Car clubs are always in full effect at Turlock, too. @micolindo got pics of a few of the dozens of car clubs represented there, and this is always a good sign. Everyone knows it takes a village to build a car, so when you’ve got your friends’ help, it’s the tide that raises all boats. Or tubs, or land-yachts, or barges, or whatever you call your car. Find the right car club, and you’ll have friends for life, kid.
Another shot of how some guys do Turlock: Figure out what you’re looking for, let your crew know, spread out, and keep your cell phone handy. There’s always power in numbers, so we’re lucky that @micolindo got this rare shot of Brown Persuasion C.C. actually all standing still, in the same place, at the same time. Love to see what they found…
@bavaracing is actually the brothers Bava–perennial favorites at Turlock, and when you see one, the other two are probably close by. This pic came with a great description: “This was the dude cooking the tri-tips (chef of sorts) for the Model A club… I was trying to get a picture of him leaning over the meat with the cig in his mouth. Missed it.” And now that we’re talking about it, another unique feature of California swap meets is the “tri-tip.” This is shorthand for a tri-tip sandwich–a cut of beef that’s as common at West Coast swaps as funnel cake and pork rolls are on the East Coast. And never the twain shall meet. Or, in this case, “meat.”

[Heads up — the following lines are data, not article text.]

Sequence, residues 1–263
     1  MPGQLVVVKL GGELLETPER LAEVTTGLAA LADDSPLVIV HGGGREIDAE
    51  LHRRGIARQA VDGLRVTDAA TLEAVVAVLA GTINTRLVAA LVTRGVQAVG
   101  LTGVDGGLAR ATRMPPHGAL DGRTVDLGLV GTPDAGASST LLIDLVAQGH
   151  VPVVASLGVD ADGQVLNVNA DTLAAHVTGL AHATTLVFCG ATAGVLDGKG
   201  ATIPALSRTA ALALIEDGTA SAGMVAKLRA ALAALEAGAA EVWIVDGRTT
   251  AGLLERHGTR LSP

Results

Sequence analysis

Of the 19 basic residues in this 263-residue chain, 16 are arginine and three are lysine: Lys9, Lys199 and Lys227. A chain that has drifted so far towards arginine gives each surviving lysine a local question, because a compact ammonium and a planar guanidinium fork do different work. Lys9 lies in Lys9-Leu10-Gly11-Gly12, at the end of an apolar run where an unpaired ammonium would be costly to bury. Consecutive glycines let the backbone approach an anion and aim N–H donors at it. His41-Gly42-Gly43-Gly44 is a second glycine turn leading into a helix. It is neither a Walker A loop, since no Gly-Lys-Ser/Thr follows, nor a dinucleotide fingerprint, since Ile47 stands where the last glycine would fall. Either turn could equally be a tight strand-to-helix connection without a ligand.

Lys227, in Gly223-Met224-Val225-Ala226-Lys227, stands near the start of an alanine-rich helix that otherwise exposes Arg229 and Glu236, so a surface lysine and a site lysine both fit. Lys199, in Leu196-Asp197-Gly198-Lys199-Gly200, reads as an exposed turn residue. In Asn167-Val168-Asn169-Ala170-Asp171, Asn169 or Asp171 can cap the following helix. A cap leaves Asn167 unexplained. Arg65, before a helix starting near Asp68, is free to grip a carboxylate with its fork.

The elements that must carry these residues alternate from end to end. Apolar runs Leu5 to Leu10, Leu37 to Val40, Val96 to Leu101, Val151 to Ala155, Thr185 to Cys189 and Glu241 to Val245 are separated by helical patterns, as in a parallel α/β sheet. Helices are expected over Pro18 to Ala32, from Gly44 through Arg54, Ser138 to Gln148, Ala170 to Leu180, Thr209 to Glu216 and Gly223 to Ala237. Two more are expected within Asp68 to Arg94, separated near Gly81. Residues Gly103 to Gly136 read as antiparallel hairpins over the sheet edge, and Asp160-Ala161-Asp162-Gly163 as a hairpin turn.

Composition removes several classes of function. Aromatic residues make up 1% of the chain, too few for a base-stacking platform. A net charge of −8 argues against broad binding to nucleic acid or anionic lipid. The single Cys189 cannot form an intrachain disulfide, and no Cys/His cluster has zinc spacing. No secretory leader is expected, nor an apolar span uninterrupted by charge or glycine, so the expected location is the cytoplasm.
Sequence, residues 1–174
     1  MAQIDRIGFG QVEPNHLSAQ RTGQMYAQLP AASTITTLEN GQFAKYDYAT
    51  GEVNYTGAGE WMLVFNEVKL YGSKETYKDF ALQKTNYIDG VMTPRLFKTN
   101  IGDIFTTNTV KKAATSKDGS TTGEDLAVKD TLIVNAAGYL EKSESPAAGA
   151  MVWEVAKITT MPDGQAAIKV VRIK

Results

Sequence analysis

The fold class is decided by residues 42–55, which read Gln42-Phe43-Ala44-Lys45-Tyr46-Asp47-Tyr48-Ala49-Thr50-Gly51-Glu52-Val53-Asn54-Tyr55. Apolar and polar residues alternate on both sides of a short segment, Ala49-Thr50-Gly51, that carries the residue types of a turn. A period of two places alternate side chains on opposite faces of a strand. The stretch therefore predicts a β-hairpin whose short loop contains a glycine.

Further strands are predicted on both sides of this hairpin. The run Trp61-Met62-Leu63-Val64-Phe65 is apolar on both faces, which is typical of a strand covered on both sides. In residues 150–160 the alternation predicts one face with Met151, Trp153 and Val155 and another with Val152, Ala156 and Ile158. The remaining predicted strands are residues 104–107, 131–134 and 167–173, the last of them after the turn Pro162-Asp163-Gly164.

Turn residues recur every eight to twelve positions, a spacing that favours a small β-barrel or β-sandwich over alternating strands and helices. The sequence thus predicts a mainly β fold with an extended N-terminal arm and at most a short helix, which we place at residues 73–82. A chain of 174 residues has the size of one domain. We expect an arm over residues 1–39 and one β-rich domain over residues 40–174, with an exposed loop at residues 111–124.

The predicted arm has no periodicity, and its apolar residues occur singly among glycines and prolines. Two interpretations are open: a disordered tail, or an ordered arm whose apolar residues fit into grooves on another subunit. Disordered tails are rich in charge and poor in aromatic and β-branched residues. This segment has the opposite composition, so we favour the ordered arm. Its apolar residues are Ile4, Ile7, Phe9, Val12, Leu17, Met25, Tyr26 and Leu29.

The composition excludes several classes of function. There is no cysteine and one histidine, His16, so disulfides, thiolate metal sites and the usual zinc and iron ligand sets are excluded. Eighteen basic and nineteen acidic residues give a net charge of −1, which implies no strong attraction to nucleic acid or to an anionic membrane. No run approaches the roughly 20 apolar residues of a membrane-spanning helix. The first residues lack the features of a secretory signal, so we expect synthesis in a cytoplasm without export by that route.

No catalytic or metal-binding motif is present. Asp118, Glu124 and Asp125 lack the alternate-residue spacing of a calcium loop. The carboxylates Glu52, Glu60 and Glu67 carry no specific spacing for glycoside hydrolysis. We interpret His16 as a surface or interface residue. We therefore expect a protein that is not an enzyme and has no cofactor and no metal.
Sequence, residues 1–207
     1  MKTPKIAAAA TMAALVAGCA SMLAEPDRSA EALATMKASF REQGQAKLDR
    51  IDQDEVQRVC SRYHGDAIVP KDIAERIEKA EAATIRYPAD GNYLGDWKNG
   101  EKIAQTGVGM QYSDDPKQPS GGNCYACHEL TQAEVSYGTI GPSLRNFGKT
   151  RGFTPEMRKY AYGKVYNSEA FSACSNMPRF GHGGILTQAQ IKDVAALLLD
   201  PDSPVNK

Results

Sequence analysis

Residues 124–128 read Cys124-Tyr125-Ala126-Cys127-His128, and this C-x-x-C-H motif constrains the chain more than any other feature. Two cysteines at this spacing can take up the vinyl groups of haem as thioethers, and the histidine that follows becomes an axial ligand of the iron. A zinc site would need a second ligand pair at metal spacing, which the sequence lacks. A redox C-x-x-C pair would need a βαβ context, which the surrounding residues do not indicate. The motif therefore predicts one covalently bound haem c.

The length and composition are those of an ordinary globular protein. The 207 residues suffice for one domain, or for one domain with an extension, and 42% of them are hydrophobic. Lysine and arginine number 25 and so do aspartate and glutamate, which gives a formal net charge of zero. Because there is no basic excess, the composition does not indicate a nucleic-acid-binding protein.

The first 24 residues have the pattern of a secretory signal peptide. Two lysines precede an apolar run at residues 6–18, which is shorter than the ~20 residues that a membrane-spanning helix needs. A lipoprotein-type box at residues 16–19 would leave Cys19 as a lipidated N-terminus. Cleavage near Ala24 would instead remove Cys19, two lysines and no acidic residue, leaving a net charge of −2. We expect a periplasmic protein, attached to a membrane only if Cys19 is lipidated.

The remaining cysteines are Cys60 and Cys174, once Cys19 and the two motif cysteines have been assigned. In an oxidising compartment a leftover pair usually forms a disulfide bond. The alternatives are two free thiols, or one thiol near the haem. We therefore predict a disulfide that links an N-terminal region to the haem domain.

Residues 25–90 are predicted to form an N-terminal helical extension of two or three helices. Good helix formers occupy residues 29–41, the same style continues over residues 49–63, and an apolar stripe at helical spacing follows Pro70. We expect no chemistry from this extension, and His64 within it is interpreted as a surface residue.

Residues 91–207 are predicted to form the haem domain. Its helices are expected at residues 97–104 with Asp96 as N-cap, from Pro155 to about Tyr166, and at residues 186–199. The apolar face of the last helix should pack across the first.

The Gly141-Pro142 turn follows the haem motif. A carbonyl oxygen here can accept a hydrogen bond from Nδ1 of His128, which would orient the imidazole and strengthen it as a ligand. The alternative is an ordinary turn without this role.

The @bavaracing camp at Turlock is always a stop worth making: The hospitality is on-point, and there’s always a Frito boat and a snort of something to warm the blood on-hand. When you’re at Turlock, everyone is either a friend or soon-to-be buddy, and it’s not too crazy to say that old car parts are the great equalizer. We should teach a high school course on this stuff.
One of the @bavaracing brothers keeping warm with a vintage NOS front car seat cover, made out of lord-only-knows. Probably some strain of asbestos. But when you’re busy looking at car parts, it’s wise to wrap one of these around you so everyone knows you’re a serious buyer. Only guys wearing a ’40s-era car seat cover like High Plains Drifter could be serious about bartering on, say, a bald 50 year-old tire and corresponding wheel. Serious stuff, man.
What do you do when you come across a trailer full of waaaay prewar wooden wheels and crazy old rear ends and arcane parts and other stuff that’s all the same color of rust? Well, you find what you need on the bottom of the pile, of course! @bavaracing demonstrates the “Turlock Shuffle,” as potential targets…uh, we mean, buyers, dig through the heap ‘o gold.
@calistylz took a great pic of this curiosity: 1/10 of an Impala… the entire side of said Impala, including wheels, but only about a tenth of its width. Hang it on a wall? Weld it to the driver’s side of a Prius? Find a whole one, cut it into 10 longitudinal pieces and give your bratty nephew a slice every year on his birthday, starting at age 6? Love to meet whoever it was who ended up with this thing.
This Cadillac was clean as a whistle, and all that acreage of sheetmetal looked just right on those pinner whites and wires. @calistylz got the right shot of it. This is the perfect entry-level car to get into, if you want something custom. For not a ton of money, you can build a great custom, put it on ‘bags, and easily find every part you need, all day long.